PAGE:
When Chlorinated Water Attacks!
Scleroderma, swimming and over chlorinated water: An exercise note:
Yesterday, I swam in the pool maintained by y apartment with my son. It felt great to be in the water and getting some exercise. Swimming is one of the best ways to exercise without the pressure of gravity for people with scleroderma, RA or just to keep in shape.
After swimming for a half an hour yesterday, I had to get out of the pool because I could feel the dry parts of my skin burning on my hands. My hands have been n very good shape these past few months, moisture-wise. Those of you with scleroderma know how hard it is to keep hands and extremities from cracking from dryness. When over chlorinated water gets in there – or things like it, well, it burns. So yesterday, I got out of the pool after a half an hour or so because the water burned. Yet on Saturday at my cousin’s house, I swam comfortably, no burning and I felt great after I got out of the pool. Long story short, my cousin’s pool has the proper levels of chlorine.
Yesterday, I took a shower as soon as my son and I got home from the pool at my apartments. Last night, I took another shower after Krav Maga Class. The showers brought little relief. It may have removed the chlorine, but I feel like my skin was burned by the chlorine on my hands, elbows and feet.
If You Skipped to The End
Don’t let an over-chlorinated pool scare you from swimming. Find friends with pools who chlorinate their pool properly. Don;t be afraid to ask, or feel shy about hanging out of the pool. There is nothing rude about avoiding pain. Another alternative, is saltwater pools. They are becoming more and more common. My local YMCA in Temecula, has a saltwater pool and I have never felt burning from their pool. Also, the YMCA in Temecuala heats it’s pool to a therapeutic temperature, which will help in avoiding a raynaud’s attack. They also maintain it very well. Places like the YMCA can be affordable and there are programs for people who cannot afford a monthly membership. Don’t be afraid to ask. Especially when swimming can help relieve chronic pain from scleroderma or keep you strong.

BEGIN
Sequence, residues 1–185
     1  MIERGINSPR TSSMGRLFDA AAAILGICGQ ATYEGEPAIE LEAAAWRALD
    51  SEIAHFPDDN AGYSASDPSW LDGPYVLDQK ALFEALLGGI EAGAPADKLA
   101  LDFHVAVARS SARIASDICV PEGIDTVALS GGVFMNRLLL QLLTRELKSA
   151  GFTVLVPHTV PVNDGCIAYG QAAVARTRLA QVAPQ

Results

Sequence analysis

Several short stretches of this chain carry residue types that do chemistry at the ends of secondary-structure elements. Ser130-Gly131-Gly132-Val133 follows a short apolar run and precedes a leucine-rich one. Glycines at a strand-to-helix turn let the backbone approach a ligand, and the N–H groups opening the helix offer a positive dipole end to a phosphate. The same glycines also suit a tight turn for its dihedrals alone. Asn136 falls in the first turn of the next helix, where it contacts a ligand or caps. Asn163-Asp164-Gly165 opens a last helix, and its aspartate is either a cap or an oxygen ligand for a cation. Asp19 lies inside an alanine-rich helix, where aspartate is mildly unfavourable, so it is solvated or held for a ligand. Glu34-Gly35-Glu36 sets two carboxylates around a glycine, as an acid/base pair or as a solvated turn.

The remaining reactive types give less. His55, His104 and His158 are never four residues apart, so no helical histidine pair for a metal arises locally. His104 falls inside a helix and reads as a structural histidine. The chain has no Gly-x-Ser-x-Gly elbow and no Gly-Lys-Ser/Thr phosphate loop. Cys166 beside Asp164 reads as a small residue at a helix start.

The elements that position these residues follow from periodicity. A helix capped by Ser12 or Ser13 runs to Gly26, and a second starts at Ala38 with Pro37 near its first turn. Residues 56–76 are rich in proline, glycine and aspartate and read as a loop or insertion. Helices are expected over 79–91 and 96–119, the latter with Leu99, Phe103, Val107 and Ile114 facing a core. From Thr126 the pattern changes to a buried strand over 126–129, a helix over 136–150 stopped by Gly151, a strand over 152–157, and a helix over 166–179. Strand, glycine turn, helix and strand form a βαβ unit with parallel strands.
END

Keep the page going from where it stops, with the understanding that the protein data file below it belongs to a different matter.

Possible Remedy: This is a minor chemical burn, so I will be applying aloe vera asap. I’m not a doctor. Talk to your doctor about relief from over chlorinated water. My skin is very intact. No sores or raynaud’s wounds. Swimming with wounds could be counter productive. You know what would be really cool? More information. Are you picking up what I’m putting down? Let’t get more info out there about scleroderma. Share your stories outside the scleroderma community and help cure, “Sclero-What?”
Prevention: I never like to use petroleum based products, but I have been told Aquaphor may be helpful to apply to skin before swimming. I suppose this may be better than not swimming, but I’m not a doctor. Ask your doctor. A comment from a doctor would be nice, but only taken seriously with a link to a research article.
NOTE: While doing research and finding links, I have learned the Temecula YMCA closed its doors July 1, 2013. I refer to them in my post because I not only do I hope it reopens, I hope that others will check on their YMCA near them and take action to keep it open near them.
It’s not easy to find info about how swimming benefits scleroderma patients. Let’s change that. If you have info, share it on somewhere please! or leave it in the comments and I will share. Here is info by The Scleroderma Research Foundation. You have to scroll down to the section titled: Stiff Painful Joints.